What new cultural forms are developing in the vast universe of the internet? How can observers and scholars keep up with the accelerated pace of human creativity online? And how do racial aesthetics, money, and power play out in internet cultures?
Subscribe to Public Books 101 on Apple, Spotify, Stitcher, or Pocket Casts to listen and to be notified when new episodes are released. Our RSS feed is available here.
View a list of discussion questions related to this episode here.
- Lauren Michele Jackson teaches in the departments of English and African American studies at Northwestern University. She is the author of White Negroes: When Cornrows Were in Vogue… and Other Thoughts on Cultural Appropriation (Beacon, 2019) and has published widely on digital media and popular culture.
- Richard Jean So is an assistant professor of English and cultural analytics at McGill University. He is the author of Redlining Culture: A Data History of Racial Inequality and Postwar Fiction (Columbia University Press, forthcoming) and Transpacific Community: America, China, and the Rise and Fall of a Cultural Network (Columbia University Press, 2016).
Annie Galvin, this season’s host, is the associate editor at Public Books and a Mellon/ACLS Public Fellow. She holds a PhD in English from the University of Virginia, and her academic and public writing has focused on contemporary global fiction, visual culture, gender and sexuality, and popular music.
Two influential scholars of digital culture explore the significance of internet-native forms like memes, viral videos, and fan-fiction websites as cultural artifacts. They consider what happens when people are given a place where anyone can say (almost) anything at any time. Lauren and Richard think critically about the assumption that the internet is making culture more democratic—in other words, easier to produce and to access—given that age-old practices like cultural appropriation continue to thrive online.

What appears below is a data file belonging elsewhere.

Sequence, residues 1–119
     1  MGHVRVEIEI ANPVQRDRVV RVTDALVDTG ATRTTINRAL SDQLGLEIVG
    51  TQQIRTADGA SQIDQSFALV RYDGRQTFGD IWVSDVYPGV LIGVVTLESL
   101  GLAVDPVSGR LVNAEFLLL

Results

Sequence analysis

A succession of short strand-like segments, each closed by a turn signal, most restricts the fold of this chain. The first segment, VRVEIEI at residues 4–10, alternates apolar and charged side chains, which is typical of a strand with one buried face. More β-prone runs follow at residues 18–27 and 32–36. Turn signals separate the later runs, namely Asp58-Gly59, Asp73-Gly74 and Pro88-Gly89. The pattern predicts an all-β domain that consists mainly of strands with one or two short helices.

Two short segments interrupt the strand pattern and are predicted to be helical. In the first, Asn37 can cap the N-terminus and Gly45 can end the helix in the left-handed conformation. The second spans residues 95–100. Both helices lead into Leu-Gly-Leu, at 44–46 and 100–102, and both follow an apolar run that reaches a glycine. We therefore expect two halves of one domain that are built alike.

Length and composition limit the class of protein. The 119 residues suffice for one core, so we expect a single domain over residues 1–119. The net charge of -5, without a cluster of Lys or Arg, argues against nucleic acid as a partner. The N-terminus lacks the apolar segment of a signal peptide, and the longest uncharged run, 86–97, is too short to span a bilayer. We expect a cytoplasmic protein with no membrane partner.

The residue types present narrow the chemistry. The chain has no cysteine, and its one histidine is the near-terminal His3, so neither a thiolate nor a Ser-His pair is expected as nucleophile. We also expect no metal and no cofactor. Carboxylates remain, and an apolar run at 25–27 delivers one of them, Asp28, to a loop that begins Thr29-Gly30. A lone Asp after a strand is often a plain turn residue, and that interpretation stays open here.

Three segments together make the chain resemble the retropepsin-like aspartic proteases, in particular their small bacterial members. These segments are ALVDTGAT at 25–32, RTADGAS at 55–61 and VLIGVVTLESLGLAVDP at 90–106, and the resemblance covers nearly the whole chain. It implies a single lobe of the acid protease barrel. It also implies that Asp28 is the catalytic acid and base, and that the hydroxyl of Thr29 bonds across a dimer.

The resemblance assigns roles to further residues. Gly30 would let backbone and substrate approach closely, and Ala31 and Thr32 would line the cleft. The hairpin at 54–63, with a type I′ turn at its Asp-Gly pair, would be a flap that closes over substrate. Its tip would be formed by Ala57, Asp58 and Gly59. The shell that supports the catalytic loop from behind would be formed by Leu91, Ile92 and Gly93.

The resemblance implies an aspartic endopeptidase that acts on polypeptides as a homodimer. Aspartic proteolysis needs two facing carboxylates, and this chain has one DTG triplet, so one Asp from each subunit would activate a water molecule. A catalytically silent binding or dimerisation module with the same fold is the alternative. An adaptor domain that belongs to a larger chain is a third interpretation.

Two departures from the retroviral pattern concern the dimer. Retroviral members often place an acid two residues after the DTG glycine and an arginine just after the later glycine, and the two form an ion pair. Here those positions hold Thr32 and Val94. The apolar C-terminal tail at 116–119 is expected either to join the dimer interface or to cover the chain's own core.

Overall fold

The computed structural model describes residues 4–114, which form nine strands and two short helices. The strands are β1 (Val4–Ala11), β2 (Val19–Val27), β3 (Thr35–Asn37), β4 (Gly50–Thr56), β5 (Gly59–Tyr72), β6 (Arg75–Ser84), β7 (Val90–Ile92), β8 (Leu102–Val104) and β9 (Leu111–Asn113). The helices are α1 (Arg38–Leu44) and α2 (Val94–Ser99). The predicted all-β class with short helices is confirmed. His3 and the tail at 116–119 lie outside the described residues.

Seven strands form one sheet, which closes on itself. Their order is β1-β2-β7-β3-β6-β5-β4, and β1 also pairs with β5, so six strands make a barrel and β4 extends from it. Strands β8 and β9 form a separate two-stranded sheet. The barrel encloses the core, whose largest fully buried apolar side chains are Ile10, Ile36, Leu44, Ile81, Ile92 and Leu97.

View a transcript of the episode here.
Mentioned in this episode
- Lauren’s book White Negroes: When Cornrows Were in Vogue… and Other Thoughts on Cultural Appropriation (Beacon, 2019)
- (Read an excerpt, “The Hipster,” in Public Books)
- Richard’s book Redlining Culture: A Data History of Racial Inequality and Postwar Fiction (Columbia University Press, forthcoming)
- Internet platforms:
- Internet forms or objects:
- Richard’s article, coauthored with Edwin Roland, “Race and Distant Reading,” PMLA, vol. 135, no. 1 (2020).
- Internet creators:
- Scholars and writers:
- John Dewey, Hua Hsu
- Doreen St. Felix on Kayla Newman and “eyebrows on fleek”
- Joshua Lumpkin Green, “Digital Blackface: The Repackaging of the Black Masculine Image” (masters thesis, Miami University, 2006).
- On the hoax hashtag #EndFathersDay
- Harriet Beecher Stowe, Uncle Tom’s Cabin (1895)
- Doreen St. Felix, “Black Teens Are Breaking the Internet and Seeing None of the Profits,” The Fader, December 3, 2015.
- Alex Balk, “My Advice to Young People,” The Awl, February 10, 2015.
- John Herrman’s reporting on technology and media for the New York Times
- José Van Dijk, The Culture of Connectivity: A Critical History of Social Media (Oxford University Press, 2013).
- Seth Stephens-Davidowitz, Everybody Lies: Big Data, New Data, and What the Internet Can Tell Us about Who We Really Are (Dey Street, 2017).
- Jonathan Sterne, “Thinking the Internet: Cultural Studies Versus the Millennium,” in Doing Internet Research: Critical Issues and Methods for Examining the Net, edited by Steve Jones (Sage, 1999), pp. 257–83.
This episode was produced by Annie Galvin and Jess Engebretson and is licensed under a Creative Commons-Attribution License (CC-BY 4.0).